The revised guidance looks at best practice from schools and local authorities across the country who have involved students in decisions which affect them, resulting in a positive impact on local schools and communities. It also provides advice on the principles and practice that support such involvement.
DH: Nurses could double the amount of time they spend on direct patient care and slash unnecessary paperwork thanks to £50m investment in a project to improve efficiency on wards, Health Secretary Alan Johnson has claimed.
The Productive Ward programme, designed by the NHS Institute for Innovation and Improvement, has been piloted in 4 trusts and there are 10 learning partners, one in each SHA. Evidence from the pilot sites shows the Productive Ward can:
* Double the amount of time nurses spend on patient care
* Cut handover time by a third
* Reduce medicine round time by 63%
* Cut meal wastage rates from 7% to 1%
CLG: Peer mentoring has made a difference in preventing homelessness by providing support at a crucial time for young people who may be experiencing personal difficulties or family breakdowns. Family intervention and mediation can also be key in stopping young people at risk from making the step to leaving home by working together to identify the problems and move together to a solution.
The Government now wants to encourage all local authorities to offer these services as part of a new strategy to drive down youth homelessness, alongside other approaches such as supported lodgings.
HSE: The Health and Safety Executive (HSE) has issued a safety alert aimed at homeowners, tenants, landlords and heating professionals following five incidents in the last 5 years, where redundant solid fuel back boilers exploded. A number of these incidents led to injury and sadly in one case a fatality.
The risk can arise when a disused boiler has been left at the back of a fireplace and a coal or wood fire is lit in front of it. This can mean the boiler heats up causing the boiler casing to explode. If you have a redundant back boiler you should not light an open fire in front of it.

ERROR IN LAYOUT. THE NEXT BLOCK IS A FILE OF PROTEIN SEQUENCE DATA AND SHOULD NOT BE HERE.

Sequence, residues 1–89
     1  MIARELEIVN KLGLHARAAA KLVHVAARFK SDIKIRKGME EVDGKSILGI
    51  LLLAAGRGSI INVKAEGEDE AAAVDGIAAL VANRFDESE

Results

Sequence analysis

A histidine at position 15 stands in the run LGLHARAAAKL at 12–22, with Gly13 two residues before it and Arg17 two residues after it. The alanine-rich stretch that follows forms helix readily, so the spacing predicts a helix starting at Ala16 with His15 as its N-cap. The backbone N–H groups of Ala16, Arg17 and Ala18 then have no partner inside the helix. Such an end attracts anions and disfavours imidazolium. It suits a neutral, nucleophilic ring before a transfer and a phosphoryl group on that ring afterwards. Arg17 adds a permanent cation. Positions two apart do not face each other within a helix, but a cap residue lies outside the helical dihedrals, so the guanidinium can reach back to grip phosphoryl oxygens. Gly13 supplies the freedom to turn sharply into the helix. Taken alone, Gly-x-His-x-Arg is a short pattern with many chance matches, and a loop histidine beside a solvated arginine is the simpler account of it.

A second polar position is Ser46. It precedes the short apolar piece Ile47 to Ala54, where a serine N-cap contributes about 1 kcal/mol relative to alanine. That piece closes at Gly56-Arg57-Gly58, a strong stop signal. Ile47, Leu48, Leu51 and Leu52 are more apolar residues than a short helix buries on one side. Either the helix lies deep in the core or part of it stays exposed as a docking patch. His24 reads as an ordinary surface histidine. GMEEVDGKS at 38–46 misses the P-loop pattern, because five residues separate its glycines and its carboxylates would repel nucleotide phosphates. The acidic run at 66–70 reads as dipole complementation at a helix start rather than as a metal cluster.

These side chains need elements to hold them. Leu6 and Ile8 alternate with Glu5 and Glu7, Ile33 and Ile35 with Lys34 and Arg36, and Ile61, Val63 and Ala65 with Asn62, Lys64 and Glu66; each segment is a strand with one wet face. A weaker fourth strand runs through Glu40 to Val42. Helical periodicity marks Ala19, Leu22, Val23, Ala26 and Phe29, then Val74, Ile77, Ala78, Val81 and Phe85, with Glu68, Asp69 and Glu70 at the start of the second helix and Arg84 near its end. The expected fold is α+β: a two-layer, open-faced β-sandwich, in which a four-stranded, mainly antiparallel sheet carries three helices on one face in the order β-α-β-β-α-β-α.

DCSF: Ed Balls, Secretary of State for Children, Schools and Families has published research showing parents want even more involvement in their children's education - and prefer informal chats with school staff instead of parent’s evenings. Parents now see informal discussions with school staff as the most useful way of finding out about a child's progress.
He has promised to set out plans to consult with parents within the next month on a range of issues to help them play a full part in their child's education.
General Reports and Other Publications
DH: A new study shows that large community contraceptive centres, cottage hospitals or polyclinic type settings could offer a safe, high quality service for women. It shows that some women welcomed the informality and increased availability of staff support. This confirms the experience from other countries which already offer EMA in non-hospital settings.
Medical professionals will now be consulted on whether early medical abortions (EMAs) should be made available in non-hospital settings and patients will be asked if this would be a preferable option for them.
ScotGov: Justice Secretary Kenny MacAskill reiterated his determination to develop a coherent penal policy for Scotland when responding to the findings of an Audit Scotland report into managing Scotland's prison population.
The report looks at some of the factors contributing to rising prison numbers and the impact overcrowding has on efforts to rehabilitate prisoners. Based on present trends it concludes that Scotland's prisoner population - which is already one of the highest in Western Europe - will increase by almost 20% by 2016/17.